Statue honouring residential school founder removed from Sask. cemetery
REGINA -- The statue of a Roman Catholic priest who founded one of the first residential schools has been removed from the Saskatchewan cemetery where it stood.
The statue of Father Hugonard, who founded the Lebret Indian Industrial Residential School in 1884, was built in 1926 and stood near the entrance of the school until the late 1990s, when it was moved to the Sacred Heath Catholic cemetery.
Star Andreas camped at the site in protest for four days ahead of the statue’s removal
“I did not want to leave the camp because the children still need to be found,” said Andreas.
Archbishop of Regina Donald Bolen said the Archdiocese of Regina didn’t run into any opposition when it came to removing the statue.
“In the current climate and all the tensions of the present moment, this was a request that pretty straightforward and seemed to be a completely good request,” said Bolen.
The Federation of Sovereign Indigenous Nations (FSIN) and the Star Blanket Cree Nation had called on the Archdiocese of Regina to remove the statue.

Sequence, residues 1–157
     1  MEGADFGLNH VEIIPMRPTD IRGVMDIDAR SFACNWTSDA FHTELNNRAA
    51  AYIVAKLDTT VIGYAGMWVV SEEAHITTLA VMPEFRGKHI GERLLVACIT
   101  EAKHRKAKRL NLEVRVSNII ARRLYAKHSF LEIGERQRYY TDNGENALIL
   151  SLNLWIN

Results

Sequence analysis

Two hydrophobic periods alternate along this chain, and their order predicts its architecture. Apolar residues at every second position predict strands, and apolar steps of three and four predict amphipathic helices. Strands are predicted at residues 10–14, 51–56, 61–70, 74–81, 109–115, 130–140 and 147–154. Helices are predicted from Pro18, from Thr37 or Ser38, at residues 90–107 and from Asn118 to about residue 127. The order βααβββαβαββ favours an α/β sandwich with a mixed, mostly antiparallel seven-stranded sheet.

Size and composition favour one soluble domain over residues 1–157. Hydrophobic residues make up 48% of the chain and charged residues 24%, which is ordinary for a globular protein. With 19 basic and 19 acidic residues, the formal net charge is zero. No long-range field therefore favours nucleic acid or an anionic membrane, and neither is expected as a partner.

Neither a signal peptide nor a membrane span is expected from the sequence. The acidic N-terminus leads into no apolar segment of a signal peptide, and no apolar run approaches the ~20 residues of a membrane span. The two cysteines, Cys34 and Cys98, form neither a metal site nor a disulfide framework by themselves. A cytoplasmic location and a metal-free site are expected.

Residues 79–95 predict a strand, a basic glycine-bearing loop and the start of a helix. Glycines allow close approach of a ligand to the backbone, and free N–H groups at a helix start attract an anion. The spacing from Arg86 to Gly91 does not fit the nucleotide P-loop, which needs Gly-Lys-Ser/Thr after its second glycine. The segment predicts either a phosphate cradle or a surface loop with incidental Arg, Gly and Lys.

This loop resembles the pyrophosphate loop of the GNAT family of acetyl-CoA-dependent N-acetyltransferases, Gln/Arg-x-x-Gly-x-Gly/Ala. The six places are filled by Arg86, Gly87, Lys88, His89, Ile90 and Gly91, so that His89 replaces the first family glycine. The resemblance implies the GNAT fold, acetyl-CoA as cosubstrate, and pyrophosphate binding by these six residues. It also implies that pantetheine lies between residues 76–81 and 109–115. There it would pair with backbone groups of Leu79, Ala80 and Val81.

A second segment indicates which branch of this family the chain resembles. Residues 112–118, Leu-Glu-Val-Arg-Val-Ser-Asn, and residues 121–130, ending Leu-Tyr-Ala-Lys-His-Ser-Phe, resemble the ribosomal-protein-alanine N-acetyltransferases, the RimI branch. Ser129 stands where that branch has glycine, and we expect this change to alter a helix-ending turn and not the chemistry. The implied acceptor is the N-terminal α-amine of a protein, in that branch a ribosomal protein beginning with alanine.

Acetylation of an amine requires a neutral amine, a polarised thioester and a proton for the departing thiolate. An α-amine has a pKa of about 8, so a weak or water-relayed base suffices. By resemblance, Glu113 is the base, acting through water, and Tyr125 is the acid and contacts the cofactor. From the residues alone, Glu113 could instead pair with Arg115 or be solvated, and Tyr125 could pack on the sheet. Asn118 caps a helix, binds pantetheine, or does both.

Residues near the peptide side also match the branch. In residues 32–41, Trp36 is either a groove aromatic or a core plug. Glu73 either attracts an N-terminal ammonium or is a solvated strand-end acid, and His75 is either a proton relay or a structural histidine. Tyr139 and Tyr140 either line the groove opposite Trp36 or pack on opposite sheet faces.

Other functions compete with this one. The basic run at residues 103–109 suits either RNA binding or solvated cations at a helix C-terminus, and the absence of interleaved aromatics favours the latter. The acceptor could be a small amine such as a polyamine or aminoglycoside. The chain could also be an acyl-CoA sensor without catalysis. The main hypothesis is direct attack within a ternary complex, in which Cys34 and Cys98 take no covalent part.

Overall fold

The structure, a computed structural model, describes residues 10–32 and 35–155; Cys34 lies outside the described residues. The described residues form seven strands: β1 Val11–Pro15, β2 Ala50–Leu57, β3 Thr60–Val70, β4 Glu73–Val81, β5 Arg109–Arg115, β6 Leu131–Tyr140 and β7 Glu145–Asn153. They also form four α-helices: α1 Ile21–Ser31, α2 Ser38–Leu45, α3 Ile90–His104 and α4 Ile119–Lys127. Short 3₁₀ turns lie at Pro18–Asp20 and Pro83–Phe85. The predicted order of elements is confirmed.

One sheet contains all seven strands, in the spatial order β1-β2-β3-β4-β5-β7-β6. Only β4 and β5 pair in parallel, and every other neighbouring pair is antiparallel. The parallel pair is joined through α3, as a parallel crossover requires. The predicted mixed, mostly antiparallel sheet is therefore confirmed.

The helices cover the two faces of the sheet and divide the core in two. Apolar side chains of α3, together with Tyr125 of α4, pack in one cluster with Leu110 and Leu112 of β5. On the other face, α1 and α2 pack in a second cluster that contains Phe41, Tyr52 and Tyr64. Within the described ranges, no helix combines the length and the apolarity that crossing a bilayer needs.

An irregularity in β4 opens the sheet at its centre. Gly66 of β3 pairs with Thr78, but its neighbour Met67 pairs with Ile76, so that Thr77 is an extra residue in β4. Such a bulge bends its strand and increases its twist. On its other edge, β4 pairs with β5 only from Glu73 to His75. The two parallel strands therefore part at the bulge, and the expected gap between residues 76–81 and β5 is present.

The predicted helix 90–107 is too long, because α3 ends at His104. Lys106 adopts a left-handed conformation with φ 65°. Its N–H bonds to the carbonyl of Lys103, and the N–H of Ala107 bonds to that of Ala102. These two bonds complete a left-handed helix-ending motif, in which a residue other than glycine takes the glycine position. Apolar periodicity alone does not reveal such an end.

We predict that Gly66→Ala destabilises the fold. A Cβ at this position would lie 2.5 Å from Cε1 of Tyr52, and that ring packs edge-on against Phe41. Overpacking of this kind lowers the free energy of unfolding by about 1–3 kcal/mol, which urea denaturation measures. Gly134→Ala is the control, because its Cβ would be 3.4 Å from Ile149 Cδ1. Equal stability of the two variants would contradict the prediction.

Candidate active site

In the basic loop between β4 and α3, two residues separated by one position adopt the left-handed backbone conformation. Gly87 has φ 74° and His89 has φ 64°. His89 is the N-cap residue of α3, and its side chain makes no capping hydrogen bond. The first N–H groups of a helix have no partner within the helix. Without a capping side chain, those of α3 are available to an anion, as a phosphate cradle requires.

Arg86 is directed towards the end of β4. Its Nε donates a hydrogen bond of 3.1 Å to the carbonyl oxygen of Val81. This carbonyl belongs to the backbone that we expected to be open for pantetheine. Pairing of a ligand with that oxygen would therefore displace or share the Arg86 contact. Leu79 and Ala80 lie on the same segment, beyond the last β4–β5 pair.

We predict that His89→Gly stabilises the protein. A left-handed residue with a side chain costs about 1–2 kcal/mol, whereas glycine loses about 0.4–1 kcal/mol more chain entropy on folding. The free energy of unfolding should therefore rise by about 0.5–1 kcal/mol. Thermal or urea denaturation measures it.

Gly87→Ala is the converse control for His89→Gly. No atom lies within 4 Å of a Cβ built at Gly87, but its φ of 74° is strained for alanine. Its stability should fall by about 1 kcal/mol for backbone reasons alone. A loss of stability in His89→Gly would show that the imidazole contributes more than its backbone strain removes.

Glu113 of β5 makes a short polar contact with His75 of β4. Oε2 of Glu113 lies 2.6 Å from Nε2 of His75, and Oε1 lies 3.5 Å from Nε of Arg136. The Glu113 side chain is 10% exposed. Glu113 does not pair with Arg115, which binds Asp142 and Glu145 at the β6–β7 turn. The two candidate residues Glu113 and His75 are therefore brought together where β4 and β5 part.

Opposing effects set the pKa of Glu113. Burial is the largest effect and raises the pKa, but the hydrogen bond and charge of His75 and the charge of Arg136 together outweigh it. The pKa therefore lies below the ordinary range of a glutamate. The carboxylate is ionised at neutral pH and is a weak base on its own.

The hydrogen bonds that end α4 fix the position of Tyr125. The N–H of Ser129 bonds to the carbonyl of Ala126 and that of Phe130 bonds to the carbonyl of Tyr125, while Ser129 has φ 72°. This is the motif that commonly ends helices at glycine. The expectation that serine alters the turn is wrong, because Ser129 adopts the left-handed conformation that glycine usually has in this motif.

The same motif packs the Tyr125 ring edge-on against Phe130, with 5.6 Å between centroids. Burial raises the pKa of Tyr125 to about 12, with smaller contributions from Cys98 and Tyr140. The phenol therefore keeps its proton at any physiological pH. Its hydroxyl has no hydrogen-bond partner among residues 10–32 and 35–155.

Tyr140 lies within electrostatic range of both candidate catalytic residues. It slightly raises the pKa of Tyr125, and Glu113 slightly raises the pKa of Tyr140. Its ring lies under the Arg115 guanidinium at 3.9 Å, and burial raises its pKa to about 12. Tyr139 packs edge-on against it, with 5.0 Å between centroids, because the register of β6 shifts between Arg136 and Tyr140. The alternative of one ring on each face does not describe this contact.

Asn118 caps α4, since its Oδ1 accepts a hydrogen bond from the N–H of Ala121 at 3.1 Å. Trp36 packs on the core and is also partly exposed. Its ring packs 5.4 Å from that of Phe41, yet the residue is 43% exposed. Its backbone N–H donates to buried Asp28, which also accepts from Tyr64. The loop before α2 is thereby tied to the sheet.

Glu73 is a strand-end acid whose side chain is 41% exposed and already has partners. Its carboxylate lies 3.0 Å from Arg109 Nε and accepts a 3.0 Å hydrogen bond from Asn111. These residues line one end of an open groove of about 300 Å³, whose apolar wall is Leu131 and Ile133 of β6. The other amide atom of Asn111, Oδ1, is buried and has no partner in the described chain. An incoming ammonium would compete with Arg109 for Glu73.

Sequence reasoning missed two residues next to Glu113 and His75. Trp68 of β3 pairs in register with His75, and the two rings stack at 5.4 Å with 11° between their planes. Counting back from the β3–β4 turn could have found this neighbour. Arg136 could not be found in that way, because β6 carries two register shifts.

“The statue must go. It is not appealing. It brings out emotions of pain, suffering, and angers out relatives that went through the residential school era,” Star Blanket Cree Nation Chief Michael Starr said in a June 11 press release.
On June 14, the Archdiocese of Regina confirmed it would remove the statue after consultation with the chief and council of Star Blanket First Nation, the local parish, council and mayor of Lebret.
The statue is now bring stored in the church, Bolen said there will be discussions on what to do with it permanently.
Andreas said the statue’s removal is a small victory, but there’s still work to be done.
“There’s so many children out there, we got to find them, we got to bring them home, we got to do ceremonies,” she said. “We got to heal.”